Take Out The Trash

    I was less than a week sober. I still had track marks on my arms that hadn’t healed, and I had just responded to the Gospel. As I was riding back to the treatment center from the life-changing church service in the backseat of one of the church usher’s mid-sized silver Toyota Camry (or something like it), I felt that nothing was ever going to be the same, but I knew there was a long journey ahead of me. I had gotten a taste of the joy I had always wanted, but the shame from my past and the physical withdrawals still weighed on me. I was forgiven but I wanted to live in freedom.

    Once a drug addict places their faith in Jesus, they are completely forgiven and have been made into a brand new creation, but now comes the long journey of learning how to walk in the freedom they’ve been given. The reason why so many people feel the joy of the Lord on Sundays at church but then bogged down and hopeless the rest of the week is because they are carrying around what feels like thousands of pounds of garbage from their past. I was no different. I was carrying around abandonment issues from when my dad passed away, deep insecurities from a lifetime of stuttering on nearly every word, secrets that I swore I was going to take to my grave, and hundreds of other small and large pieces of trash that added up to a massive landfill of shameful junk in my soul.

    Others who have lived in addiction can relate. We have collected and suppressed these things for years, and maybe even decades, hoping that they will eventually disintegrate. As the years go by, the trash pile has gotten bigger, and we become more enslaved to our past, more distant from God, and more hopeless of there being any way out.

    Over the next few weeks, I began to search the depths of my soul to dig up every past secret and fear--things that were done to me and things I had done to others. I wrote down everything I could think of (literally EVERYTHING!), evaluated it, and shared it with a spiritual mentor I trusted. This process was very difficult, but has led to more freedom and joy than almost anything else I’ve ever done since becoming a Christian. The truth of the Gospel is that all of that trash has already been paid for, and the chains have already been broken. We just need to learn how to take out the trash.

    One of my friends was on his way home from school one day when he was in elementary school. As he stepped off the bus and walked through the woods nearing his house in hopes of playing his new video game, a spider climbed up into his shorts and bit him right on the butt. The bump soon became a bruise, but he figured it would just go away soon like all the other mosquito bites he’d ever experienced. As the days passed, he realized it was much more serious, but he didn’t want to tell his dad because he was ashamed. He soon found it difficult to even sit down. Finally the pain got too intense and the consequences too serious that he swallowed his pride, told his dad, and exposed the bite. They went to the hospital, and he was healed within a few days. If he would have waited too much longer, the long-term effects would have been catastrophic.

    This is a clear picture of what we must do if we are to walk in freedom! To go from simply forgiven to living in freedom, we must expose our past. We must understand that the pain and shame of hiding our past is much worse worse than the pain of exposing it and being healed. David explains our experience exactly when he says, “When I kept silent about my sin, my body wasted away through my groaning all day long” (Psalm 32:3 NASB).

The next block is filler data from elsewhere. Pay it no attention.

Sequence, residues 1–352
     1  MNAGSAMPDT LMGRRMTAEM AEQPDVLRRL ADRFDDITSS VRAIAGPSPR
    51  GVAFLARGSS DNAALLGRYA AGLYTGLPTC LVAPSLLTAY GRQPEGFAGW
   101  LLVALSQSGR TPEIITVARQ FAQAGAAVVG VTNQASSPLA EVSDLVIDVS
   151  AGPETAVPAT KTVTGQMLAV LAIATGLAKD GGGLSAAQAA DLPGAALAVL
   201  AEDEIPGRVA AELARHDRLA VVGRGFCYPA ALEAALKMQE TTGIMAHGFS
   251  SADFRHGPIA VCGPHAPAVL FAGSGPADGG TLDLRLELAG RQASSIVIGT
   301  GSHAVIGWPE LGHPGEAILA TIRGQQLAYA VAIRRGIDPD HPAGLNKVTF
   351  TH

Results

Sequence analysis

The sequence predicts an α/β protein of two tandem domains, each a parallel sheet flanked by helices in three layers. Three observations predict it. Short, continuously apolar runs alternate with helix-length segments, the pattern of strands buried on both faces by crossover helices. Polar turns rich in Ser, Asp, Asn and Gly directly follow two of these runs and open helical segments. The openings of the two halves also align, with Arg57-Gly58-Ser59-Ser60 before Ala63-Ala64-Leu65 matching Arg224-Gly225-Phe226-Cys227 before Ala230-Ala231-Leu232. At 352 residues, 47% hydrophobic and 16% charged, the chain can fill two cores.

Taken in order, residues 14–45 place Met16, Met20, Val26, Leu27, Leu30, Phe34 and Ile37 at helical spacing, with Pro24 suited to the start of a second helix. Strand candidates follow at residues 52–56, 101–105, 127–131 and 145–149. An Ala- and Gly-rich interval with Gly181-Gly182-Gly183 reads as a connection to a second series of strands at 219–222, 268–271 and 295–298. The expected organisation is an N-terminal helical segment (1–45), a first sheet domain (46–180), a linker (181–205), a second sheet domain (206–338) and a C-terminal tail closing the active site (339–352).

God is not waiting to punish you in anger, instead, He is a Good Father who wants to heal you! In Genesis 3, when Adam and Eve disobeyed God, they tried to cover their own shame with fig leaves and hid from God. This is what we’ve been doing for way too long, but there is another way. Because of what Jesus has done for us on the cross, all of our sin and shame has been paid for! Instead of running away from God and trying to hide our shame, we can run to our Heavenly Father knowing that He will meet us with love, grace, and healing.

    When we expose our past to God and to someone else in light of the Gospel, we begin the process of healing. Our intimacy with God transforms from a lukewarm relationship resembling the politeness of a distant relative that you only see at holidays to the rich warmth of a close friend that you can tell anything to. Our thought life begins to move from constantly plagued with shame to filled with joy. The thousands of pounds of weight we have been carrying around begins to fall off, and we will literally feel lighter. This is true freedom. This is the pathway to life.


  1. Write down everything from your past that affects you. Split them up into four categories: things done to you, things you’ve done to others, fears, and secrets. Take as long as you need to for this. Mine was literally 100 pages of trash. This work is worth every minute you spend on it! "Search me, O God, and know my heart!” (Psalm 139:23a)
  2. Confess them to God. "If we confess our sins (to God), he is faithful and just to forgive us our sins and to cleanse us from all unrighteousness” (1 John 1:9)
  3. Confess them to a spiritual mentor or godly friend you trust. “Therefore, confess your sins to one another and pray for one another, that you may be healed. The prayer of a righteous person has great power as it is working” (James 5:16).
  4. Ask God to help you walk in freedom daily. "For freedom Christ has set us free; stand firm therefore, and do not submit again to a yoke of slavery” (Galatians 5:1).